Former England captain Allan Lamb believes Australia have "difficult times" ahead and predicts they will suffer a 3-0 Ashes defeat this summer.
Lamb, 58, was speaking after former Australia spinner Shane Warne questioned the make-up of his country's squad for the five-Test tour.
"I don't think England are going to have a problem. I would say 3-0," Lamb told BBC Look East.
"England's players are not talking about it but they can sense blood."
Opening batsmen Shane Watson, David Warner, Ed Cowan, Chris Rogers and Phillip Hughes are in Australia's 16-man touring party, causing Warne, 43, to question if the selectors know their best team.
The first Test starts on 10 July at Trent Bridge as Australia attempt to secure their first Test series win on English soil since 2001.
They will then host England in a return Ashes series, starting at The Gabba on 21 November.
Lamb, who was born in South Africa but played 79 Tests for England between 1982 and 1991, winning two Ashes series, believes Australia have "got a few problems".
"Looking at that Australia side it whets my appetite a little bit because it's always the Aussies saying they're going to give us a 5-0 but they've been very quiet," he said.
"Never write off an Australian side. But looking at that side on paper, I don't think you'll have any sleepless nights over it.
"They've got (Michael) Clarke and (Shane) Watson but the rest are inexperienced. With six left-handers, (Graeme) Swann will be licking his lips.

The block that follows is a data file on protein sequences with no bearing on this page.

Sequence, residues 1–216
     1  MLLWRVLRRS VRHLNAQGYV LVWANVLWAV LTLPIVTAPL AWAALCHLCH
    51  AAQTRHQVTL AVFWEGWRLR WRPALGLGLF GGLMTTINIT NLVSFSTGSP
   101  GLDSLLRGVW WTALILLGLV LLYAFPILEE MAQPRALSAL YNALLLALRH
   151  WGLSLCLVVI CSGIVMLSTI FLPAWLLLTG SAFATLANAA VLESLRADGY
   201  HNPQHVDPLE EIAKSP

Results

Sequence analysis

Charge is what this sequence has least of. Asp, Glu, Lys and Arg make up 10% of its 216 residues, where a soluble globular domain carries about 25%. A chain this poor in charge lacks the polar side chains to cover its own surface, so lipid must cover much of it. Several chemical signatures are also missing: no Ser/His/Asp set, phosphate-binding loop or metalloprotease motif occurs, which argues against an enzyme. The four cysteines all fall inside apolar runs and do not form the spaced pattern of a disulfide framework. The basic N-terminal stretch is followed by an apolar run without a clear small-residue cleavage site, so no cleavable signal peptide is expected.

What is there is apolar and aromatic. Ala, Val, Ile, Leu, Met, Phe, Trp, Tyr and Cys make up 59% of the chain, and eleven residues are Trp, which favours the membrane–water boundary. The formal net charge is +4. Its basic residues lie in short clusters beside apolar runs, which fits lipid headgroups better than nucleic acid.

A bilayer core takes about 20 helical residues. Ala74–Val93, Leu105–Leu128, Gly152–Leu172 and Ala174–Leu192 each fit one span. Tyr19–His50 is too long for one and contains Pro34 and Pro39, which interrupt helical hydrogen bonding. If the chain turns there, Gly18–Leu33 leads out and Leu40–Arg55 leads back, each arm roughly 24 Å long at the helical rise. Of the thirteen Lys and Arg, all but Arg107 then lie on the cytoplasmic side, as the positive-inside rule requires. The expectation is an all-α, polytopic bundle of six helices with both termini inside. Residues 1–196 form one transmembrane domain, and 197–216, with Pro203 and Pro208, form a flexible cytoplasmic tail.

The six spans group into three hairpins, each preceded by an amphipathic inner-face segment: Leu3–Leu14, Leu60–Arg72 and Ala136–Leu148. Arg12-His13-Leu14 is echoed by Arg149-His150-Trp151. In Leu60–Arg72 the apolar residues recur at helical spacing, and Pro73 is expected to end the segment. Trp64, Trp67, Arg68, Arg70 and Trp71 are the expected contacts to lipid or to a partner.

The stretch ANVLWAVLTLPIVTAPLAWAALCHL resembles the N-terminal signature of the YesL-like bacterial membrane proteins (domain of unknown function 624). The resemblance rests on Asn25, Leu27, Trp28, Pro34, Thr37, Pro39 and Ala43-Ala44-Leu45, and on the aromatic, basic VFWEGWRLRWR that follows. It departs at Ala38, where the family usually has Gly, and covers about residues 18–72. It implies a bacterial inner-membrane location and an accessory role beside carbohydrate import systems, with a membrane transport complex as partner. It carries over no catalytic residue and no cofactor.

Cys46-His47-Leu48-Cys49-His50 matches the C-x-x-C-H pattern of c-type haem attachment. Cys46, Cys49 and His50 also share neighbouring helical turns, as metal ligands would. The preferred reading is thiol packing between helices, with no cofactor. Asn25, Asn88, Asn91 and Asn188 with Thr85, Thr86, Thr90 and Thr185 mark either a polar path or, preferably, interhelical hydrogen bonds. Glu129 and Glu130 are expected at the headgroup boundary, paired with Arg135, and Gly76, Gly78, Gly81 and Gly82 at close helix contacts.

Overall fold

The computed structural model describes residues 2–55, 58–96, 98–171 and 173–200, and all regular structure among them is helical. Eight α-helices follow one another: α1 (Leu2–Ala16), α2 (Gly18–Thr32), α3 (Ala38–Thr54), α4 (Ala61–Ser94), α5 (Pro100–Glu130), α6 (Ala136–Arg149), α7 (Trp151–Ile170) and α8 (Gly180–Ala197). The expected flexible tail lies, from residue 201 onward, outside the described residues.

"But you can't write them off because they're fighters and won't throw the towel in."
Australia's one-day side suffered a humiliating 243-run loss to India after being bowled out for 65 in their final warm-up match before facing England in their opening game of the ICC Champions Trophy at Edgbaston on Saturday.
"I sense there isn't that unity in that side," said Lamb, who has been appointed to the board of Northamptonshire. "They had all those problems when they sent players home from India. Has the coach gelled a side together? It seems like there are some issues with some players and the coach.
"Australia have got difficult times coming up. I don't think it's a gelled side. A lot of the former players don't feel like they've picked the right side. All this affects the players.
"When you play Australia you want to win. I don't care if they're underprepared or don't have the stars they had. Australia will feel the same and will want to come here and win. That spices it up."